Deploying code faster, on the order of multiple times per day, is the essence of the modern ultra-agile enterprise.
Nick Galbreath who works over at Etsy talks about this quite often, so much so that his latest presentation on SlideShare caught my attention. Take a look at slide 22... what Nick's highlighting is some of the age-old tactics that unfortunately few organizations employ even today.
A few things are true here... while you certainly can use velocity and frequency to detect potential vulnerabilities and thus attacks against a web application - a high frequency doesn't always mean an attack or that a vulnerability is present. On the other side of that coin, it is a fallacy to assume that a component (or "page") needs to have a high frequency or velocity to signal a targeting by an attacker.
Can we really learn anything here, or would setting this up be a simple waste of time and resources? Should organizations that care about the number of exploitable security defects in their applications simply stick to what they're doing today, and forgo this approach? The big question is this - is an "attacker-driven" security testing strategy just whack-a-mole and a colossal waste of time?
Nick's smarter than that, and he hints at his strategy on the very first bullet-point... "...augments Etsy's proactive security measures" says it all. So where does this leave us? I think this brings us back to intelligently bringing together multiple things in your enterprise, in stages, and making sense of data (as is the title of his talk).
Let me outline what I think we can learn, and what I think we can bring to raise the bar on web application security.
- First off no one sane is going to abandon tried-and-true security testing methods for web applications. That being said, there are lots of blueprints for what works in various organizations and every time someone comes up with a novel approach that seems insane it appears to work like a charm in some edge-case...
- Attacker-driven security testing is a secondary testing measure that is more closely aligned with incident response than traditional security testing cycles. After all, you're taking an application that's running in production and using telemetry data from that running application to do on-the-fly diagnosis of possible flaws... that's a tough game.
- Lots of web apps have issues that only require 1 or 2 hits to exploit, primarily because they're obvious. Simple SQL Injection (SQLi) or Cross-Site Scripting (XSS) or even something like Cross-Site Request Forgery (CSRF) can be found and automated with just a few page hits. I wish I had a dollar for every time an application was vulnerable to SQL Injection the first time I touched it by adding in a 'or+'1'='1 in an input field.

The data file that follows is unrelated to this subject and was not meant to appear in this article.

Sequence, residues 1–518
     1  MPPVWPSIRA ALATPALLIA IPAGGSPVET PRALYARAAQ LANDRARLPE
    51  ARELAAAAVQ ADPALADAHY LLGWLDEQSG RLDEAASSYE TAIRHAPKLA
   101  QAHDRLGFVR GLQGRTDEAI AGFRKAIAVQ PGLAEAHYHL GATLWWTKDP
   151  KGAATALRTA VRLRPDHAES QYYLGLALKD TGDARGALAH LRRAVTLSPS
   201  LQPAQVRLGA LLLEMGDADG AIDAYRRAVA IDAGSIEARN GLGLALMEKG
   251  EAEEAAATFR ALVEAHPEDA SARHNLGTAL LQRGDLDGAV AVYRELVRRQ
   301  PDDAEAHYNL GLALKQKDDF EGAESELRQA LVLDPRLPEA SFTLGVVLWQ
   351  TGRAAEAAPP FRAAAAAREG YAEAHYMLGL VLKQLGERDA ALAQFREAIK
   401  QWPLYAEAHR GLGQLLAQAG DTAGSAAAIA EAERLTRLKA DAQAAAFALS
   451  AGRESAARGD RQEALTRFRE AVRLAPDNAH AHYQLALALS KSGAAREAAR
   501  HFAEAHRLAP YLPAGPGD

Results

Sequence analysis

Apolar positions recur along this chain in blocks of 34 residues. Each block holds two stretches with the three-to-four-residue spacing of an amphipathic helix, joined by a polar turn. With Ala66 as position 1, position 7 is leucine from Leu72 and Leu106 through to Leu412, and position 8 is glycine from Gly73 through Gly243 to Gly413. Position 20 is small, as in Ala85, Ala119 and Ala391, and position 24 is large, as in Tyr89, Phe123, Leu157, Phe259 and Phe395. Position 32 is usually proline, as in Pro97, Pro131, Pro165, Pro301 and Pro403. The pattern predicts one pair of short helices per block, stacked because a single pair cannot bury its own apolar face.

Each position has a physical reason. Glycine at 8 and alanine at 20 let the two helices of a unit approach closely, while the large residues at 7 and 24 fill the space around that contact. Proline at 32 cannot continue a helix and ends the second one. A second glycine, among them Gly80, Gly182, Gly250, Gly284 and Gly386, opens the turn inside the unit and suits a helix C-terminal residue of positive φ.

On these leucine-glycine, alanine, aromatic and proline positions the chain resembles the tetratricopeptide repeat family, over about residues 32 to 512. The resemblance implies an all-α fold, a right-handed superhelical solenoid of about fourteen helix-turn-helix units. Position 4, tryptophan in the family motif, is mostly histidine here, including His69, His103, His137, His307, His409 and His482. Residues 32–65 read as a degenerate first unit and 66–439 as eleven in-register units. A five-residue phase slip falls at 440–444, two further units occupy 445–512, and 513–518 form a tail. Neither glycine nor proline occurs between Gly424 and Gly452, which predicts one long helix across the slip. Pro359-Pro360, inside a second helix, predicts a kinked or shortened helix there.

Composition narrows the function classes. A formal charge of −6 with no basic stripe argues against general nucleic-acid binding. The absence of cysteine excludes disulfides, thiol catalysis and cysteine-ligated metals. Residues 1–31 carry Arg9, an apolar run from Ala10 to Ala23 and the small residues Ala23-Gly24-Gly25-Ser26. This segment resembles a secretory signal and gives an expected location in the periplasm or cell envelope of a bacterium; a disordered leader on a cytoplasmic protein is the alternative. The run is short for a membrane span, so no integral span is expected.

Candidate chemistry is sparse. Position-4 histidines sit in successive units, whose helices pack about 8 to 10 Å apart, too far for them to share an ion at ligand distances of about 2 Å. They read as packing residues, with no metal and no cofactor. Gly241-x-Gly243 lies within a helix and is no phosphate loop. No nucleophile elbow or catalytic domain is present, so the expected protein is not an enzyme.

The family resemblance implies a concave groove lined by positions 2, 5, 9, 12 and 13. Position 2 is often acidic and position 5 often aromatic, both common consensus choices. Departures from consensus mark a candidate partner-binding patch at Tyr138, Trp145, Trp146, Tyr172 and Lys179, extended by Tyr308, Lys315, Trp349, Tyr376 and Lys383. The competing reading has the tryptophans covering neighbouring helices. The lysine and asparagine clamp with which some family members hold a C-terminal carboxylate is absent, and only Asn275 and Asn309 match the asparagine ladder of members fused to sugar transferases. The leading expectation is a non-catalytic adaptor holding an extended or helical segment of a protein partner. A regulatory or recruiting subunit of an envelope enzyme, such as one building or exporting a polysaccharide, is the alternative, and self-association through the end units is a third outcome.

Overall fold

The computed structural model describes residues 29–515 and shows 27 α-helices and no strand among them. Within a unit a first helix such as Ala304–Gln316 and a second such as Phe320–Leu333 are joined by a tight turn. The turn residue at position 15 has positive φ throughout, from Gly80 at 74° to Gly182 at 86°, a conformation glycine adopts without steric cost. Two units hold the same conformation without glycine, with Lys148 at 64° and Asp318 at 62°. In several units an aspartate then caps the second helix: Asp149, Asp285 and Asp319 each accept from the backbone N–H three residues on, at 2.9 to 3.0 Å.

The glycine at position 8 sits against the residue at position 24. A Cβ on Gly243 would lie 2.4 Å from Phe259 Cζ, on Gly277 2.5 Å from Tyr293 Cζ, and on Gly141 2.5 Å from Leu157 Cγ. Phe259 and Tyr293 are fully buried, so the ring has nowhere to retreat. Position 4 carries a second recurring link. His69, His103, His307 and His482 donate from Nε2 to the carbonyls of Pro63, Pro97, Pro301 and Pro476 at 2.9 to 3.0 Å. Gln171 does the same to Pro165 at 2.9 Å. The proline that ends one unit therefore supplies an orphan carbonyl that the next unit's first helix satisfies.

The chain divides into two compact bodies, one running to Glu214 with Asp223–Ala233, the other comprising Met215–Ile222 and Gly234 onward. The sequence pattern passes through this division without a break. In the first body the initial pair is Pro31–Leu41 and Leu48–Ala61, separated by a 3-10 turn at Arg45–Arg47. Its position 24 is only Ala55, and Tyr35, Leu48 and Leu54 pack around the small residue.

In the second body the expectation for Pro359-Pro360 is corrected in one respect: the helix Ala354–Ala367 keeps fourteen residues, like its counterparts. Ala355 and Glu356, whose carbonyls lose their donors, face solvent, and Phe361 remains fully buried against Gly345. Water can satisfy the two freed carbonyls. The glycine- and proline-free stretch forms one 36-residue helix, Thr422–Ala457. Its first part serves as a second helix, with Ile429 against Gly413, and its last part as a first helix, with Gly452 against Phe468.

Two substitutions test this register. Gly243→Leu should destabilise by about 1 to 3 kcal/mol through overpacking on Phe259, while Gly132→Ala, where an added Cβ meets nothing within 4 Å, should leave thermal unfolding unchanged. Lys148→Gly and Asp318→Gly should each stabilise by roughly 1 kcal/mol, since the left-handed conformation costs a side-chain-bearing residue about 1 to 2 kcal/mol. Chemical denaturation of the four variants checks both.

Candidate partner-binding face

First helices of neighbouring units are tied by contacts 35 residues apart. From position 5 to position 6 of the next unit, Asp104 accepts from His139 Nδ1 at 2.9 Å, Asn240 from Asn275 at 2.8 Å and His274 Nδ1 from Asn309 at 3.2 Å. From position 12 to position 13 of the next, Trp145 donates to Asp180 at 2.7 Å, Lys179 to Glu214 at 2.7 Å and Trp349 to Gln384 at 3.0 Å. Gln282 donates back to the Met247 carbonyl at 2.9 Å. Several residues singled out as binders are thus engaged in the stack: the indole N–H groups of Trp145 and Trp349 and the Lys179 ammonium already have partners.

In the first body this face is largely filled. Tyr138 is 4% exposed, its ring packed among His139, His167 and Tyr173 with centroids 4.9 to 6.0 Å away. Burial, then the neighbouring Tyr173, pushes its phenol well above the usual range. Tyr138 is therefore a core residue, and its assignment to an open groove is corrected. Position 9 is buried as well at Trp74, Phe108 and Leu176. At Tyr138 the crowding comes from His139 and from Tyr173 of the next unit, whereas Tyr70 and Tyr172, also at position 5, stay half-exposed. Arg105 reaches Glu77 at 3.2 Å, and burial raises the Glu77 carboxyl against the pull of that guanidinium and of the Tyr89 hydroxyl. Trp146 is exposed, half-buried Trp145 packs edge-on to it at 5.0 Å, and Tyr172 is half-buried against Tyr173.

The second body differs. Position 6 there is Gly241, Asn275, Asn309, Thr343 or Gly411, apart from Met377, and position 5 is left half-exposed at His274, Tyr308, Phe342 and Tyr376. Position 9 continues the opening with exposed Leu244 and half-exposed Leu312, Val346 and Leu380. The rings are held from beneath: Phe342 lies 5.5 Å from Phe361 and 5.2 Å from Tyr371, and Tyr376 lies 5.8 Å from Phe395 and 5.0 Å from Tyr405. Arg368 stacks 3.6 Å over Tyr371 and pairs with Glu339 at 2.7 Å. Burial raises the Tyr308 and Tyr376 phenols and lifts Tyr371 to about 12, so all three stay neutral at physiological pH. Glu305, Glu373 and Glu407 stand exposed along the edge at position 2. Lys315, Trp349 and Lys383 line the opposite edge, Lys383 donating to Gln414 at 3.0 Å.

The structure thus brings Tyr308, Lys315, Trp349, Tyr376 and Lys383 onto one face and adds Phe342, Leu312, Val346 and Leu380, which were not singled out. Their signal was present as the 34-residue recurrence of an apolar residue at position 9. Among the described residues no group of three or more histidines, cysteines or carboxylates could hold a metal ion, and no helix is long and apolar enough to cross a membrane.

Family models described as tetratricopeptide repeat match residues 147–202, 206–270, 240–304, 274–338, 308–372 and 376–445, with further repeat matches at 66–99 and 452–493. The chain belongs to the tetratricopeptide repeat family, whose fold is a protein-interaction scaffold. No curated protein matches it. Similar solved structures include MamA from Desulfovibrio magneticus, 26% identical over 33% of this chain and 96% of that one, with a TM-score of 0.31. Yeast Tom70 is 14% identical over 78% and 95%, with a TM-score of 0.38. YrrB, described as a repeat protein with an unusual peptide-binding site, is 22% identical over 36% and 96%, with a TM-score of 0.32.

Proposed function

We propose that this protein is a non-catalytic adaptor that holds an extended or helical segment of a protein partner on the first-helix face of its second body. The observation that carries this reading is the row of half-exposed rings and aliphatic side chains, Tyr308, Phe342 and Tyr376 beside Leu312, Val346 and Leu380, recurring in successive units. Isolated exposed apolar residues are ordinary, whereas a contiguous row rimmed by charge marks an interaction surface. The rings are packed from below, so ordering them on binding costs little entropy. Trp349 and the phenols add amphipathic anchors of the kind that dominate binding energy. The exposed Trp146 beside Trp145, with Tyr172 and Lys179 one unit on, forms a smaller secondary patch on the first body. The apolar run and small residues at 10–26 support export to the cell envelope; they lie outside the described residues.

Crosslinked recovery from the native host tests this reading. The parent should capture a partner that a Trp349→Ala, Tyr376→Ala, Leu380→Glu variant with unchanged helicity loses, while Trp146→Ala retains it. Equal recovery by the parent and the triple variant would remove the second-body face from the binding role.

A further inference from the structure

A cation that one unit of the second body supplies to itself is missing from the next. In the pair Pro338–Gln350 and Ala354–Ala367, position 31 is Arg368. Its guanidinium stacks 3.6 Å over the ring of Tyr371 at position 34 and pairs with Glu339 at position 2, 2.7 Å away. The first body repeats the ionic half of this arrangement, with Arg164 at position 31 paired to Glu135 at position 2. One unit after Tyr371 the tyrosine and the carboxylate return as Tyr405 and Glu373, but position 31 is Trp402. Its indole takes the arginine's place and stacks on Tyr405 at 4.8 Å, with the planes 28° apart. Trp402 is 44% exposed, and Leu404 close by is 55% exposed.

- Assuming your organization is vetting simple attack vectors it should take an increase in frequency to find and exploit web application defects in the wild. This fluctuation should be detectable by a reasonably tuned SIEM (take a look at ArcSight literature for more on how we at HP achieve this) and counter-measures could be launched to deter the potential attacker while the incident is investigated.
- Detecting variations in frequency and velocity of web page request patterns requires a relatively good baseline analysis - which isn't easy to do if you're generating terabytes of data per day... and patterns are hard to find and understand.
- The above brings me to the notion of 'big data' - and before you dismiss Big Data as a marketing buzzword think about the ability to detect patterns in massive data sets in near-real-time, which could be extremely useful in a situation like this where you need a baseline and the ability to detect a variant needle in a stack of needles.
- Tools are critical in situations where you have massive amounts of data, a strategy laid out, and have to perform an incredible amount of automated parsing and analysis. You'll notice that I said that tools are predicated on having a strategy laid out and knowing what you want to look for, and how.
- Your applications must have hooks for all the telemetry that will do the data pulling and analysis. Your applications must generate robust logs, capture events, IP addresses, users and all manner of errors and such in order for you to understand the application. Simply turning 'everything' on may be too much (in fact, I can almost guarantee that's true) but leaving only basic logging will rarely provide you the type of robust data you need.
Nick's idea of looking at attack-driven testing is interesting... look at where applications are being targeted (potentially) and send your crack your security testing team at that part of the application to see whether there is really some new security defect there ...or whether there is simply some cool feature that is driving lots of traffic to that page - is very interesting.
What we're talking about is an exercise in integrating incident response and security testing with the development organization and operations - the essence of which is ... DevOps! Personally, I think it would be very tough to have this work in an effective manner, but this is one of the many cases where I can't wait to be proven a baseless skeptic.
This is a fantastic way of taking a limited pool of resources and providing guidance on what is really interesting... OR... it could simply be a great way to chase wild geese. I think it's worth the try if you've got a decent security program in place, and your organization is ratcheting up the release rate for your web apps...
Cross-posted from Following the White Rabbit